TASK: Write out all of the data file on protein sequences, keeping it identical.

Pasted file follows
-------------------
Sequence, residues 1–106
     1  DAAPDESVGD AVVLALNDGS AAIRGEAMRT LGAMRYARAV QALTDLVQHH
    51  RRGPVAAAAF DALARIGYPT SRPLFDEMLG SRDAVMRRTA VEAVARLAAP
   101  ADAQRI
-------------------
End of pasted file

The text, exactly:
Sequence, residues 1–106
     1  DAAPDESVGD AVVLALNDGS AAIRGEAMRT LGAMRYARAV QALTDLVQHH
    51  RRGPVAAAAF DALARIGYPT SRPLFDEMLG SRDAVMRRTA VEAVARLAAP
   101  ADAQRI